On August 2, 1937 President Franklin D. Roosevelt signed the Marijuana Tax Act, setting in motion an eighty-year assault on plant that had previously been cultivated for a variety of uses by Americans up until that point. The bill itself was drafted by Harry Anslinger, who served (not at all coincidentally) as the first commissioner of the Federal Bureau of Narcotics. There is more than enough evidence indicating that cannabis was already under assault on different fronts prior to this point, but history has also shown that Anslinger played a pivotal role in cannabis prohibition. And, like many of the other substances that were being regulated, and prohibited during this particularly active period of American puritanism, cannabis went from being a plant of many uses, to a fast and efficient way to ruins your life just from the penalties alone.
So, for 80 years those two worlds existed on parallel planes, rarely interacting. As the 12-step world grew and expanded to include organizations like Narcotics Anonymous, and Marijuana Anonymous, the idea of members using any sort of medicine that alters consciousness became taboo in church basements around the world.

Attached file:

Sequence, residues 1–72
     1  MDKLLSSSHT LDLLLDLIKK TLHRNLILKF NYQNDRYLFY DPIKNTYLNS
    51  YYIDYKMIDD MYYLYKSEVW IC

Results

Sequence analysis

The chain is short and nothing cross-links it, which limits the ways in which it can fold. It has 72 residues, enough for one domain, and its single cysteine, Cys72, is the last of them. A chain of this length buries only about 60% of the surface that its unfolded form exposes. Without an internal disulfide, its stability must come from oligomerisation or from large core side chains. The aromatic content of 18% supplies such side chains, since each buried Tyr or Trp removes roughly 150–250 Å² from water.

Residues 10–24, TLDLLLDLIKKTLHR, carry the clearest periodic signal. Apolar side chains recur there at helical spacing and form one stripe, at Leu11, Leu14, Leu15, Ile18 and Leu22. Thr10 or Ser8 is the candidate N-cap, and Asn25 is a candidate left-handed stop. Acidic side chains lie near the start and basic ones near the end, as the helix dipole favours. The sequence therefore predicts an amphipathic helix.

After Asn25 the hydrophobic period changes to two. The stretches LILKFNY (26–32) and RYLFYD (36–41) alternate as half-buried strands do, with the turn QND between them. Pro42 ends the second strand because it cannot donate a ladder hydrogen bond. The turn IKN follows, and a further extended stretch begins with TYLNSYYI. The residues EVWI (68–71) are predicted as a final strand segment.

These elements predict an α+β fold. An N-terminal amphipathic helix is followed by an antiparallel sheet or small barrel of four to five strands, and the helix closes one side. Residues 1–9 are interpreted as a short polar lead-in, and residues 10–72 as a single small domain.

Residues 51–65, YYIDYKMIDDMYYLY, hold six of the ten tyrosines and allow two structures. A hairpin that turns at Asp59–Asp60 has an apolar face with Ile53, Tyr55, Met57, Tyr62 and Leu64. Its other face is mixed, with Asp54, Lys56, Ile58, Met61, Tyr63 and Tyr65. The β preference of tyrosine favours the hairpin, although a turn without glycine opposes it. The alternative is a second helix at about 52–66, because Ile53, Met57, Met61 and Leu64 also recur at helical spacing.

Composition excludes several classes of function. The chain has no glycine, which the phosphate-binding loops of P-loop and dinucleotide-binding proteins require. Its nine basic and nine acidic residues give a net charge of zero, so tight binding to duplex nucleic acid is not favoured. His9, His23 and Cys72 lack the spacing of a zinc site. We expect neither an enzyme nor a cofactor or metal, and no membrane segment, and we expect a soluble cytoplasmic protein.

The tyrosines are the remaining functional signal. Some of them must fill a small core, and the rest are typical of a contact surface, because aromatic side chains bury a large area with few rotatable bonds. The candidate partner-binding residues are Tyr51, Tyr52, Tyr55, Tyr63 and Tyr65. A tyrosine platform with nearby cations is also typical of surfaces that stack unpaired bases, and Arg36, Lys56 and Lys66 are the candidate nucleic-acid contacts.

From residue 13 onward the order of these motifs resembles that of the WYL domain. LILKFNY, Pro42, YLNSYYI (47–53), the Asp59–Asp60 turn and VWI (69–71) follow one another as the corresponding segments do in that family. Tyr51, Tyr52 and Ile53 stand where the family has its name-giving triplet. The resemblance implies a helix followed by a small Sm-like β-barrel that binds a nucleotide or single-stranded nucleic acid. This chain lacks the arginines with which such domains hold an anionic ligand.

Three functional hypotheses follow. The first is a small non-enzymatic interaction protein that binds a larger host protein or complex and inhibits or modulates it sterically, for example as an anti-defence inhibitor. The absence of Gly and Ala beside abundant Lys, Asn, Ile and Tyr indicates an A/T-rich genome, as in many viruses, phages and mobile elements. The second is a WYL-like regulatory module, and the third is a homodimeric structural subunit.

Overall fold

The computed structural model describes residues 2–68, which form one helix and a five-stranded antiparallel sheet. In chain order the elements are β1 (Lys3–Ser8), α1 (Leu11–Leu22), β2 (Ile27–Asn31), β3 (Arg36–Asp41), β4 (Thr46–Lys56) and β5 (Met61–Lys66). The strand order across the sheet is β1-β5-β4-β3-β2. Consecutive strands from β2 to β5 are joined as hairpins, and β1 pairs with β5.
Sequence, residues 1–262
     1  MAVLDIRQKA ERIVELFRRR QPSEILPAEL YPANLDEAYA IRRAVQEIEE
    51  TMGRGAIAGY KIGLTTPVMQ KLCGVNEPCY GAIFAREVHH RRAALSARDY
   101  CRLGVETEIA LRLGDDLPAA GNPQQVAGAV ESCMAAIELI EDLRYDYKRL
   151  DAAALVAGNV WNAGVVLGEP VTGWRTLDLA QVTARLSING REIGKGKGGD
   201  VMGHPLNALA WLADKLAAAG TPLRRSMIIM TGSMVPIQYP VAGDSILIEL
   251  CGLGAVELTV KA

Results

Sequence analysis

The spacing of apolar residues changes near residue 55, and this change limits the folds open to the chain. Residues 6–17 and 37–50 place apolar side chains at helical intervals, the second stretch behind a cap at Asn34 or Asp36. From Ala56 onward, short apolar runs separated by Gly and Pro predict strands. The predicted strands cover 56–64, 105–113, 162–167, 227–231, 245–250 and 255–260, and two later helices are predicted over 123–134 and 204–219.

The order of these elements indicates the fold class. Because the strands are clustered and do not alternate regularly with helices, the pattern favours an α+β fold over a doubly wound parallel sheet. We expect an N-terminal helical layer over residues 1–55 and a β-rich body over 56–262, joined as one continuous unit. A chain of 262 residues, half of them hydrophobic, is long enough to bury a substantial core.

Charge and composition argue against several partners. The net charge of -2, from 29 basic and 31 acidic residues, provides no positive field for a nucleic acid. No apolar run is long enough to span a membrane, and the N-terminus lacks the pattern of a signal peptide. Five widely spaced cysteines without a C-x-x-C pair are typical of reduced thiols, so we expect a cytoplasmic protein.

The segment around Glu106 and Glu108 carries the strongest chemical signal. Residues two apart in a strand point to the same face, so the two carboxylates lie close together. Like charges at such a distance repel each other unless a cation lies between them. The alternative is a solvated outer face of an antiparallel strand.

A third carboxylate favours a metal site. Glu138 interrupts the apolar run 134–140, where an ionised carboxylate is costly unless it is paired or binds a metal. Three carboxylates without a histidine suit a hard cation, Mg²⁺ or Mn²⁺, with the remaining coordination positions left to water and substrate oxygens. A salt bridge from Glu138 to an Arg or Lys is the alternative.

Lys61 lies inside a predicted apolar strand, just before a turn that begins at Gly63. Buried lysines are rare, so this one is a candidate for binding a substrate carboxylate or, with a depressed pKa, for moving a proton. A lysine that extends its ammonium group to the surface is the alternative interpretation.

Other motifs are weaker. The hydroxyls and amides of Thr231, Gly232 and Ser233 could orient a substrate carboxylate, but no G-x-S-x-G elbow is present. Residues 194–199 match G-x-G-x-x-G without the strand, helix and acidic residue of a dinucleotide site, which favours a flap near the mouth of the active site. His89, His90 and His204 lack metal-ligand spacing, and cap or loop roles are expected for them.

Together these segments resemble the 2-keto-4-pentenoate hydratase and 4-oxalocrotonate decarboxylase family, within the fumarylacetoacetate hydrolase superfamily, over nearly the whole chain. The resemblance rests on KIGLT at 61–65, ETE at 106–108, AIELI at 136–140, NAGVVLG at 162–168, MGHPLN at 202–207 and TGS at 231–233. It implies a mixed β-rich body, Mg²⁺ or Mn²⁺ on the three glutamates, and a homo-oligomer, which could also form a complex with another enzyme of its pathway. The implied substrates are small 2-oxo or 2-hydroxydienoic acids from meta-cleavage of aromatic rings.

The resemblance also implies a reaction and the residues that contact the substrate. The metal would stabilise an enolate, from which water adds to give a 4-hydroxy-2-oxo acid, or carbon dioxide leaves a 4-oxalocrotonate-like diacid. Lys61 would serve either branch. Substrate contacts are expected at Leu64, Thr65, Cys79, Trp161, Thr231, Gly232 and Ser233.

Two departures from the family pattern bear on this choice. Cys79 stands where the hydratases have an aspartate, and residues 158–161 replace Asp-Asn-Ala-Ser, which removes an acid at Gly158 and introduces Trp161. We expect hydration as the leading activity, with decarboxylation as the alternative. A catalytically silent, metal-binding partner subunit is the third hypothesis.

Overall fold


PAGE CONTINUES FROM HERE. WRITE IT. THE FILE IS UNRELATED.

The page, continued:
It’s here where I need to step and explain something. I have and will use the terms organization, program, members, and culture to describe things like AA, and that isn’t accidental. It also needs to be pointed out that they aren’t synonymous with each other, something that becomes important as this narrative continues.
The organization of Alcoholics Anonymous is just that, the parent organization that exists to serve the groups, and individual members with information to aid in their recovery. This is the same type of organization that I mentioned had “firmly put themselves in a position to only help, and never to engage in opinions one way or another”. Unlike most organizations, they never set rules or requirements for their members to follow, at most they will offer suggestions. Not everyone at the organization is a member, let alone an alcoholic or addict. If asked about their position on different forms of cannabis being legally prescribed as medicine, or about recreational legalization, they would very likely say that they have no opinion on those kinds of issues.
The program of Alcoholics Anonymous are those 12-step things you hear mentioned in TV and movies all of the time. If you actually use these twelve things to help you in life, you are following the program. You don’t need to be a member, or even an alcoholic or drug addict to use them. They were designed to be “open source” long before that was a term of use.